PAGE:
This post is a follow-up to the recently released FontBooklet No. 2 focusing on optical size mastering and size-specific designs. Besides the examples featured in the brochure there is a digital type library that offers all of their fonts in headline and body text versions, with about two thirds of them in both – the Scangraphic Digital Type Collection. Scangraphic fonts carrying the appendix "SB" (Bodytypes) are drawn, spaced and kerned specifically for text use, while those with "SH" (Supertypes – the H stands for Headline) are optimised for display use. Some of the differences can be plainly seen, others only reveal themselves upon closer examination.
As you can see in the example above the most obvious differences can be found in the spacing and kerning – the Bodytypes are much looser than the Supertypes versions. We have learned in Ivo's last post that according to recent scientific research spacing is a crucial factor for legibility. To counter the effect of clustering and blurring smaller type needs extra space.
Another easy to discern characteristic is the placement of diacritics. Not only are they closer to the capitals in the Supertypes, but those versions also have a number of alternate capital forms with the accents integrated in the characters. This allows for all cap headlines with very tight leading, specifically in German.
The third difference is almost not visible … until you blow up the type really big. Carefully added ink traps make sure that the inside corners in Bodytypes don't fill up with ink and stay "sharp". Ink traps are quite common in digital fonts, because most of them are designed to work well in small sizes as well. Yet the ink traps look ungainly once they become clearly visible in display sizes, and this is why they are absent in Supertypes.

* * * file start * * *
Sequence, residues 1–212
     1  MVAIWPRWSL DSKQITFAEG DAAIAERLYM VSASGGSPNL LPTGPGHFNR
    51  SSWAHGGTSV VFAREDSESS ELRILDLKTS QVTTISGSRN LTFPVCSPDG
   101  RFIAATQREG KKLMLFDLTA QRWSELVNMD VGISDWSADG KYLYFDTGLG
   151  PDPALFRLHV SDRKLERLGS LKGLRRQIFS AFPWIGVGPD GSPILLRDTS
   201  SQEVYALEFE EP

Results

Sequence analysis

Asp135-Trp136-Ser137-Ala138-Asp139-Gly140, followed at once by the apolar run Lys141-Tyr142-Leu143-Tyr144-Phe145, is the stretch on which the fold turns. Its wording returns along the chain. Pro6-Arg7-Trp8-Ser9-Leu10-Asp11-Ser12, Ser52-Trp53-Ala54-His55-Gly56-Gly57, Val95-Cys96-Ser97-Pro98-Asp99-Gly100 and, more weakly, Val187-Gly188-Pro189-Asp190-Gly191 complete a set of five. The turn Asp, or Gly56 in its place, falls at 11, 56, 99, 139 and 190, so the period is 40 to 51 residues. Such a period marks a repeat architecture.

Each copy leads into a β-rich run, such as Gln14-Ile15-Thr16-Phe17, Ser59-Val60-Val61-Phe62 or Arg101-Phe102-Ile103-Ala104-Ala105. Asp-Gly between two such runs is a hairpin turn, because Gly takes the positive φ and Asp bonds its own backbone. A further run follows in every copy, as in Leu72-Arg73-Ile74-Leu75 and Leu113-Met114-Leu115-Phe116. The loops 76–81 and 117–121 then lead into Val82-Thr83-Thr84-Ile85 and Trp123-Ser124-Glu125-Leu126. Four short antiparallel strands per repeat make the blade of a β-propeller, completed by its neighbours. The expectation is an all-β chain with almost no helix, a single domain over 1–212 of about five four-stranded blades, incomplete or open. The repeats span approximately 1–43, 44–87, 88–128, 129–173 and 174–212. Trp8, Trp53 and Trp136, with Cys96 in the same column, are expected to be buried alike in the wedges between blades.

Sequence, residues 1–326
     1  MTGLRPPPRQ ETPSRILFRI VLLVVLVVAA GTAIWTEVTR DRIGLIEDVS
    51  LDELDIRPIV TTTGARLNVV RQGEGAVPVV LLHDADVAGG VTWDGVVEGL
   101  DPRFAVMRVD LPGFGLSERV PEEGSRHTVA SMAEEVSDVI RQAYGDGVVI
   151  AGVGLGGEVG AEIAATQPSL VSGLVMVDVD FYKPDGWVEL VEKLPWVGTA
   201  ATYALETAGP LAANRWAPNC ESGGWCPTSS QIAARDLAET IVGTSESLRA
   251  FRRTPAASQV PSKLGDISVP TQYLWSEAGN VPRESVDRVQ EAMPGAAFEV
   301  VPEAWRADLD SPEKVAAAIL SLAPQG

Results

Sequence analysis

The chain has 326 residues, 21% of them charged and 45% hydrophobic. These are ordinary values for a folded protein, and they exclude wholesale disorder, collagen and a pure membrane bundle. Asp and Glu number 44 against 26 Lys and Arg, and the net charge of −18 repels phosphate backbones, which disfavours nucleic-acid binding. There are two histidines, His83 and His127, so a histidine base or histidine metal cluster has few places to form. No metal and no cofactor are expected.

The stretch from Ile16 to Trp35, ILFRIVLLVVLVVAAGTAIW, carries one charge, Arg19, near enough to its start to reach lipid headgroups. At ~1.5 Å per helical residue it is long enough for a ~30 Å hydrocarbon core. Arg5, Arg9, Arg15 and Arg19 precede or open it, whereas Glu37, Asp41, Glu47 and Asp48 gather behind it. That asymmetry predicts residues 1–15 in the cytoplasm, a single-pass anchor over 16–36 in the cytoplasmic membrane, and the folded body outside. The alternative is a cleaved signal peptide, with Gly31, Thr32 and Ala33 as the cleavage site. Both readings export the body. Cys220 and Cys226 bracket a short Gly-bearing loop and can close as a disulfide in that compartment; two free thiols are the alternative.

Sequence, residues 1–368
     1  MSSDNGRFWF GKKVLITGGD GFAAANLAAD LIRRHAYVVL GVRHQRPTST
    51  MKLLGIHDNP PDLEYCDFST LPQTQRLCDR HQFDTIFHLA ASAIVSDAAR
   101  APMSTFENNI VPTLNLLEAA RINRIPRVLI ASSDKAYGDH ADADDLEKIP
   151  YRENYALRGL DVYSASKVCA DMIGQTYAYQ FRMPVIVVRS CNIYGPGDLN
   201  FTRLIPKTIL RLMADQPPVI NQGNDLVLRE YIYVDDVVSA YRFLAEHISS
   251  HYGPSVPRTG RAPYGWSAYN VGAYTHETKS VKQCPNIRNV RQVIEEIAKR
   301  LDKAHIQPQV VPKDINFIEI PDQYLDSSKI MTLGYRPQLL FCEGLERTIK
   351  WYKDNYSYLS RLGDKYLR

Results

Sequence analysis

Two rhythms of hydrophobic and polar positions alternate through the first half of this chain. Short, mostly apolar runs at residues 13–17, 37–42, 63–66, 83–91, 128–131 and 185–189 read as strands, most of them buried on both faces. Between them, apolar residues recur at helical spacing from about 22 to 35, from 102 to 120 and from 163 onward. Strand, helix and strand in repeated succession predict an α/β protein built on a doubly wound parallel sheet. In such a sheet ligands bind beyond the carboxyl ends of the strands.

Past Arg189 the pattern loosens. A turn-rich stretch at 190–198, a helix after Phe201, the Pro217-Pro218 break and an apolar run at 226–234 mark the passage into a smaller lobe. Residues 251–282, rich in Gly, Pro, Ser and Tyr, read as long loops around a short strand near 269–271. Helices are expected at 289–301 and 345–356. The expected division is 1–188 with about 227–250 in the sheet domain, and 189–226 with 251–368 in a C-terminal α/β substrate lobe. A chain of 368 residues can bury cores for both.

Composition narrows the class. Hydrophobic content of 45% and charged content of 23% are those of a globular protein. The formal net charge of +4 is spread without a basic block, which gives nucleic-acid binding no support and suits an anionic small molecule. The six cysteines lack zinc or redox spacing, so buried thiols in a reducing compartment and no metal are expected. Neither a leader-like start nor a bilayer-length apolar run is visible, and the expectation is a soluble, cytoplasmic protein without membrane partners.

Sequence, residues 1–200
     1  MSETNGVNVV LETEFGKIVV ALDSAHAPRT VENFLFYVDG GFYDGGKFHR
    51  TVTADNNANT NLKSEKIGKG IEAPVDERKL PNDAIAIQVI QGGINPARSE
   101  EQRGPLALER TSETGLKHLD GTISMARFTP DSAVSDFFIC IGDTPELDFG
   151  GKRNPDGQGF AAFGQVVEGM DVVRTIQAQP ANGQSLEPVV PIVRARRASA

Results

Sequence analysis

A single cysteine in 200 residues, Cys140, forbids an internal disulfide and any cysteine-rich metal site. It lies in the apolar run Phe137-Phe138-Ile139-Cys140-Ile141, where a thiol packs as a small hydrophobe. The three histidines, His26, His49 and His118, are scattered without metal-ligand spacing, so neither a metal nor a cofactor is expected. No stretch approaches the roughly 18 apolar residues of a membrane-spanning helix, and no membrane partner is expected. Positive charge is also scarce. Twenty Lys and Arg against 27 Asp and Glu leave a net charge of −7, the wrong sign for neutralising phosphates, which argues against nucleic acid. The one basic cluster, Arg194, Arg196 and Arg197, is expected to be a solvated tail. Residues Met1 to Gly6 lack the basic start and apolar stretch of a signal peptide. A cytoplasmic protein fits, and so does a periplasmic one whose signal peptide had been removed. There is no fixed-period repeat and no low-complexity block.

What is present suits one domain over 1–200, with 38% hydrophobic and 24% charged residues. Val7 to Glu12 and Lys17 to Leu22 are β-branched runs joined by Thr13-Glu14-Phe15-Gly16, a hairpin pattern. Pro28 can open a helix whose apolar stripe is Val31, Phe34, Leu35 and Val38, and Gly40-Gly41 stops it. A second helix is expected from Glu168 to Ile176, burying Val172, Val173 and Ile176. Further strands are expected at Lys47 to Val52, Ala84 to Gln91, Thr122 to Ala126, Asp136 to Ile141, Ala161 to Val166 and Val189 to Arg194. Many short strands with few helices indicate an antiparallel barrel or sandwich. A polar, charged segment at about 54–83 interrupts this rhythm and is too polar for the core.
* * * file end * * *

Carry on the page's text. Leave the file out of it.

Scangraphic Digital Type Collection
Here's a little background information on Scangraphic Digital Type Collection. The collection was started in the early days of digital type. As Adam Twardoch once explained on Typophile, the Scangraphic fonts were digitised on Ikarus equipment in close collaboration with URW in the 1980s. Ikarus is a digitising application developed in Germany in the early 1970s by Dr. Peter Karow of URW, and was for a long time the de facto program for professional font production. Specifically designed to digitise letter forms and compile digital fonts, it is unique because the curve information is in the application code and controlled only by anchor points.
There are no control points in Ikarus as in Bezier-based application. With Ikarus the process begins with letter forms designed by conventional means, that is by drawing. These drawn originals are then hand marked for anchor points and spacing side bearings. A technician uses a sensor to plot this information into the Ikarus application, then checks and edits the forms. With the data complete, Ikarus compiles the digital font formats and descriptor files.
Scangraphic is based in Hamburg, just like Elsner+Flake and URW++, and the activities of the companies are somehow interconnected. Veronika Elsner, one half of Elsner+Flake, was the first type designer who worked at URW (she was hired by Peter Karow in 1975 or so). Jelle Bosma (now Monotype Imaging) worked at Scangraphic when the company digitised their type collection. The Scangraphic fonts were converted to Type 1 about 1992. Since Scangraphic literally abandoned the font business, Elsner+Flake took over their font collection in 2004. They added Euro characters to all the fonts, remastered them, re-issued them in Type 1 format and additionally published them in OpenType PS format.